6/20/19

Bond Yields Collapse: Chicken Little Sells Treasuries


Chicken Little has sold the majority of his 30-year Treasury Bond position. Treasury bonds have soared in price in recent months; Chicken Little is continuing a multi-year move away from Treasury Bonds. Selling now feels like a bad decision, and that is probably a good sign.
Bond Yields have collapsed, Chicken Little is exiting


Chicken Little's views on Bonds continue to become more negative. Here are some of the highlights over the years starting with the most recent.


2019: Chicken Little sells bonds.
2016: Chicken Little no longer loves bonds.
2015: Chicken Little loves bonds. Bonds are hated.

Chicken Little has history with Treasury Bonds

2019: Chicken Little sells bonds.

Long-term US Treasuries bonds have returned almost 15% over the last year, crushing the return on stocks. As bonds have soared in price, people have become much more optimistic about bonds. People are buying bonds now, believing that prices will continue to rise.

A little over six months ago, the consensus view was that bonds were bad investments. For example, the Wall Street Journal ran this headline on October 18, 2018

Why Bond Yields May Keep Climbing


When the world hated Treasury bonds in the fall of 2018, Chicken Little was heavily invested -- 36.25% of the portfolio was in the 20+ year treasuries and another 38.25% in intermediate term Treasury notes: (click for october 2018 positions).


Chicken Little owned tons of unloved Treasuries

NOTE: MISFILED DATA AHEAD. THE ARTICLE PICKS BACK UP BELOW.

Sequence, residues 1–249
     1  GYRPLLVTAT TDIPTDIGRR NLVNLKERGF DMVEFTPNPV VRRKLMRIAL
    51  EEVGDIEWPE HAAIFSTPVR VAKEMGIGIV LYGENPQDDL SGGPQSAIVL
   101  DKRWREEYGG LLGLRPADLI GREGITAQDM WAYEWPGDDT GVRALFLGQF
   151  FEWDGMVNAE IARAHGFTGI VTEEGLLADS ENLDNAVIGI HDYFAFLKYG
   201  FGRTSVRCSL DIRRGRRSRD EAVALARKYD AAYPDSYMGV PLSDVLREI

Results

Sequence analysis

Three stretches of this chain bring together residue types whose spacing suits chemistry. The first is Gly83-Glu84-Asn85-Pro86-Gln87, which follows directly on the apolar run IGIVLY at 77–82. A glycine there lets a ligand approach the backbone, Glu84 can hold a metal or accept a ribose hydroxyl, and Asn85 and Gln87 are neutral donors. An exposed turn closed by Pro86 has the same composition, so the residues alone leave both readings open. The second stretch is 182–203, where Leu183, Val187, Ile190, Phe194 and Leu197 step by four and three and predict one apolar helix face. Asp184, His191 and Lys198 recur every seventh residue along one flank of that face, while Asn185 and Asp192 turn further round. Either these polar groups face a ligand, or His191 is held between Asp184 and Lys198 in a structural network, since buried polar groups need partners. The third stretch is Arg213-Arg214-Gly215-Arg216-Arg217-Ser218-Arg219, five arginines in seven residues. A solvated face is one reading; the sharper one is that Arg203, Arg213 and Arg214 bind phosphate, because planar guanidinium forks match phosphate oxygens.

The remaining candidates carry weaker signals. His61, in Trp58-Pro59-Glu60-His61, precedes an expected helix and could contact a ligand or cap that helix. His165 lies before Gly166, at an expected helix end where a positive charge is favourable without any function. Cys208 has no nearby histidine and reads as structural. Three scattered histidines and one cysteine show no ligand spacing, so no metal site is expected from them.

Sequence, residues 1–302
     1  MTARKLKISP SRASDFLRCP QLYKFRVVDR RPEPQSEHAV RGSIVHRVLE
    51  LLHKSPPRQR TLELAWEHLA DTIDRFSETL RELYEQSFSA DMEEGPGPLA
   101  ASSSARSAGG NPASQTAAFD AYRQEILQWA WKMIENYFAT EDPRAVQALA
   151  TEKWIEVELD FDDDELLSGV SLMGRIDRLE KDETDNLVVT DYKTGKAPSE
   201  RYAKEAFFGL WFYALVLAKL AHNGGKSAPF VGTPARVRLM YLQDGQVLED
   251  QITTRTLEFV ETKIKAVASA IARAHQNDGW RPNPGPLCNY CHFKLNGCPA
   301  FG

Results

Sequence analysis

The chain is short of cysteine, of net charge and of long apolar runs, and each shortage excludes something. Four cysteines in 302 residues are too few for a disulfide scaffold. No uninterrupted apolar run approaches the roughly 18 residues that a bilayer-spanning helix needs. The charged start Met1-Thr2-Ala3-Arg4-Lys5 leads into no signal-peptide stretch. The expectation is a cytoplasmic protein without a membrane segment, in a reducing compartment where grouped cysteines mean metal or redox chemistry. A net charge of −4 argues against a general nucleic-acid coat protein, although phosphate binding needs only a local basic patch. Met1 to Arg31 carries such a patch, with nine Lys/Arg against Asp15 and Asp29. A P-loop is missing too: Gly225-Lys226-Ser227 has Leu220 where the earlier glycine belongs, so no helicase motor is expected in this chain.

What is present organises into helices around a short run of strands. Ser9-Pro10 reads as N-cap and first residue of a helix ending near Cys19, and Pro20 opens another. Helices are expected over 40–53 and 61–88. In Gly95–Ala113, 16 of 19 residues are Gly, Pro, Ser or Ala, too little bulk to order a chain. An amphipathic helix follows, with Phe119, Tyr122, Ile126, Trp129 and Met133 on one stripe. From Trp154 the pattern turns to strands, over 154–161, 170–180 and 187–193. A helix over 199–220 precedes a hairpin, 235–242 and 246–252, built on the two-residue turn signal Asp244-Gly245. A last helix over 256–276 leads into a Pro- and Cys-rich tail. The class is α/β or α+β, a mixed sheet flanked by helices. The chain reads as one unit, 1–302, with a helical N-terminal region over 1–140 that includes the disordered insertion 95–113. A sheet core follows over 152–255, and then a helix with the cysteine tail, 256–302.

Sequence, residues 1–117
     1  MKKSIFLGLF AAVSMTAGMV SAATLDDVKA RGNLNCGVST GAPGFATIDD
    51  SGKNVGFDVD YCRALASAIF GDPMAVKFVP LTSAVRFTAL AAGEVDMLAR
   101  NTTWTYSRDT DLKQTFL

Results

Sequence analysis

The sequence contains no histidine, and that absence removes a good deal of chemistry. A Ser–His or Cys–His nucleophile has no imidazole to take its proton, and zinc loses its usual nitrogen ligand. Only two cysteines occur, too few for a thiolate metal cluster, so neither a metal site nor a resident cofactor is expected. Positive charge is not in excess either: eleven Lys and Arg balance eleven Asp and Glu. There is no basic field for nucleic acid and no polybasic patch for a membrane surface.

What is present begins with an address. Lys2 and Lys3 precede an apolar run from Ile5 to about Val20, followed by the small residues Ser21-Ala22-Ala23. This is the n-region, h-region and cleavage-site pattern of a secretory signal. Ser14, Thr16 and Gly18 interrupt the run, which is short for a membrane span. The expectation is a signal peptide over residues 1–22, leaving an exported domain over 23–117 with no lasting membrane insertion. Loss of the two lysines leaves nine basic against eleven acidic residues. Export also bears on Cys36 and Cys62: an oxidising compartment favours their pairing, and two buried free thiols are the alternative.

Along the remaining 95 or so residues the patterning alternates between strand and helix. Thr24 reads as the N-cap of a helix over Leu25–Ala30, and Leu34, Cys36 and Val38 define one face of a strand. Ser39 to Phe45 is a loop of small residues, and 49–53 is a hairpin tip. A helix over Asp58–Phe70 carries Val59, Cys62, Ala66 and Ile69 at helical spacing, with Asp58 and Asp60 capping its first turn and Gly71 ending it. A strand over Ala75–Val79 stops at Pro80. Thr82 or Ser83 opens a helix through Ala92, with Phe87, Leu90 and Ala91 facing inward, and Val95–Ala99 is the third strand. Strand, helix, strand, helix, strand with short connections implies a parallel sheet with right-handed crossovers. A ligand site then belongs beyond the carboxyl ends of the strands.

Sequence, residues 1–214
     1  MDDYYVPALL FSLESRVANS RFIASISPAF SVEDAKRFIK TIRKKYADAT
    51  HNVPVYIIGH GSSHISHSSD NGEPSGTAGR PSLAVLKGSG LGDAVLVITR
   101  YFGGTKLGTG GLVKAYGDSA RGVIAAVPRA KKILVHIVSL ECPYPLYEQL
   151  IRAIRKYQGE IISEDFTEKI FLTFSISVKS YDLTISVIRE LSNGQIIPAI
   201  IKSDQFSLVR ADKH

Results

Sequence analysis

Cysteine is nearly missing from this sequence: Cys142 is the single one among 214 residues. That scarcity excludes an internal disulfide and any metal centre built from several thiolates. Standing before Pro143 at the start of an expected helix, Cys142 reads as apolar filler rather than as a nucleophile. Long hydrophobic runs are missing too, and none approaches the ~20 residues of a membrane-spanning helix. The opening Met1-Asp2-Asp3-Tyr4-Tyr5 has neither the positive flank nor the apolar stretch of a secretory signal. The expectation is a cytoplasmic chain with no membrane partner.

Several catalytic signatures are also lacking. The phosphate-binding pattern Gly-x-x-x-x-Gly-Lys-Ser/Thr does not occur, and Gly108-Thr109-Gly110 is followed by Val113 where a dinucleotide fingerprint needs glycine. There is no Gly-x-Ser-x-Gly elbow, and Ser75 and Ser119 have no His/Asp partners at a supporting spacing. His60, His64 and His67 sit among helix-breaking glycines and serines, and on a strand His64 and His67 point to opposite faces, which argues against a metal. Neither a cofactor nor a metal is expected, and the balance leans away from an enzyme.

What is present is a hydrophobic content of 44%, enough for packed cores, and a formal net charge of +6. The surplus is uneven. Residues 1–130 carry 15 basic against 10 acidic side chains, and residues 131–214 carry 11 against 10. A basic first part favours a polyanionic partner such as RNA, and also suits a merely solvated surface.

Chicken Little has moved 20% of the portfolio from 30 year treasuries to cash. It definitely feels to Chicken Little that bonds can go higher as US yields close in on those in Japan and Germany.

Chicken Little is coming to fear an inflationary future and has no stomach for the huge long-term Treasury position any more. In short, Chicken Little is afraid of owning the safest asset in the world.

Is selling US 30-year treasuries at 2.5% yield a good decision? It sure feels bad today. It feels like the US Federal Reserve will have to cut rates to zero again, and thus bonds prices will rise. At some point, however Chicken Little believes real interest rates will rise and bond prices will fall.

So selling US Treasuries is not an obvious good decision with regard to future returns. What is clear, however, is that cash is less risky the long term Treasury bonds.

2016: Chicken Little no longer loves bonds.

Three years ago, Chicken Little announced a major change in his view toward US government bonds. (Read post: CHICKEN LITTLE SEES THE END OF HIS LOVE AFFAIR WITH TREASURY BONDS)
2016: Chicken Little stopped buying bonds

On August 10, 2016 Chicken Little began a slow, methodical process of decreasing exposure to Treasury bonds. "Chicken Little has sold some Treasury Bonds. Furthermore, Chicken Little will not buy any more 30-year Treasury Bonds for the foreseeable future."


To date, that is the best call in the history of Chicken Little's investment reports. Chicken Little's decision was almost perfectly timed. After years of strong gains, US Treasury bonds have returned almost exactly 0% over the last three years.

Total return on Treasuries has been 0% since 2016


2015: Chicken Little loves bonds. Bonds are hated.

In 2015, Chicken Little loved bonds. The first Chicken Little investment column stated, "I own U.S. Treasury bonds because I believe that the U.S. economy is still weak enough that the Federal Reserve interest rate increases will come later than expected." Click for article.


Buying bonds in 2015 was very close to free money. You see, 100% of economists believed buying bonds was stupid (click on headline above). There is no better wager in the world, then betting against the unanimous opinion of economists. When 100% of economists tell you anything, believe the opposite.




June 20, 2019

Dow Jones Industrial Average: 26,753
30-year US treasury yield: 2.49%
Bitcoin: $9,500

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